Updated: Apr 10, 2020
The reason eggs have had a bad rap over the last few decades is because the yolks are rich in cholesterol. It was commonly believed that dietary cholesterol contributed to elevated cholesterol levels in our bodies. But that’s not necessarily the case. Let’s have a look at some of the research.
A 2013 meta-analysis, or review, of 16 studies concluded that there was no difference between those who did not consume eggs versus those who consumed one or more eggs per day for risk of cardiovascular disease (CVD) in the general population (1).
Similarly, another study did not find an association between consuming one egg per day and the development of CVD; however, people with type II diabetes had an increased risk (2). The authors of this study suggest that this may be due to abnormal cholesterol metabolism in diabetics (2).
Finally, some studies have found that daily egg consumption raises LDL (“bad”) cholesterol slightly in heathy individuals; however, eggs may also change LDL particles from small, dense (harmful)to large (harmless) (3). So you cannot just look at LDL alone. You need to consider particle size. One recent study, on the other hand, saw a reduction in LDL, an increase in HDL (“good”) and lowered LDL to HDL ratio for individuals eating three eggs per day compared to no eggs (4).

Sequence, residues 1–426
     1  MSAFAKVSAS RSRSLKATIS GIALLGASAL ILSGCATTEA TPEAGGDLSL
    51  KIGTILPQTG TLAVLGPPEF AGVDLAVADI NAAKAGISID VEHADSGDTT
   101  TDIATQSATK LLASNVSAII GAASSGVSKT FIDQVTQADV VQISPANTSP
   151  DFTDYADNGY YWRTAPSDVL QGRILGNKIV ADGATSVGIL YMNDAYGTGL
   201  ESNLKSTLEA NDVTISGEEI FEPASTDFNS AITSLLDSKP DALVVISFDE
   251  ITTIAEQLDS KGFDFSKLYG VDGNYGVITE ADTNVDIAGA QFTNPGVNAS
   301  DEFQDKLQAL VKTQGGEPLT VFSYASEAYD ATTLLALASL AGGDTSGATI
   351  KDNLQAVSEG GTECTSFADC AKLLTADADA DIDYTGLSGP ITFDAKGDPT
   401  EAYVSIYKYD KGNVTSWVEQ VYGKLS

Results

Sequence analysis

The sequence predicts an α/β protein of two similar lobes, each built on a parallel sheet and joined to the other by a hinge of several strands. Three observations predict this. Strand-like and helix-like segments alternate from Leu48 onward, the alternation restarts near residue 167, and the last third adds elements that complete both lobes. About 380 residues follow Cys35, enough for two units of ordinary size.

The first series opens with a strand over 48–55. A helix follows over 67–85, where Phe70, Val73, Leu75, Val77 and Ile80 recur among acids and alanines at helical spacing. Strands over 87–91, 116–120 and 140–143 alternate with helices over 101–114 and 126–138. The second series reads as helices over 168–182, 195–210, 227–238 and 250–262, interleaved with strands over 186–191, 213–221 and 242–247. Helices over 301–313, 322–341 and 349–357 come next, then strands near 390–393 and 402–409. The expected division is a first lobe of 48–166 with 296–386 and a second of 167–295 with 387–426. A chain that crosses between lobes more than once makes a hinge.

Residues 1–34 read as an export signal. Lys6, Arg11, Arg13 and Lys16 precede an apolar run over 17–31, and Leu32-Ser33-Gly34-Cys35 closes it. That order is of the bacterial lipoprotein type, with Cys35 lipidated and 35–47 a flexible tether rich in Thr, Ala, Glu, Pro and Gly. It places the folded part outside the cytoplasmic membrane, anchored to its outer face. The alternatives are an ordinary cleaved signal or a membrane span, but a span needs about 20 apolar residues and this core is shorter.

So, can you safely eat eggs every day? There really is no evidence to suggest that eating eggs contributes neither to cardiovascular disease nor to high cholesterol levels. One to two eggs is surely a safe bet. On the contrary, eggs are loaded with nutrients, including choline, which is important for brain health and homocysteine metabolism (5). Unlike eggs, homocysteine is linked to heart disease (6). And let me give you a tip, having a nice poached or scrambled egg with a hearty slice of bread (or no bread at all) for breakfast is way better for you than having a bowl of a so-called “healthy” cereal. There are a couple of cereals I have found to be decent, but most are not great news. Sorry.
The more important thing is to consider your overall diet and lifestyle choices. If the only way you eat eggs is with breakfast sausages, home fries and ketchup, well, that’s fine, but don’t blame the eggs!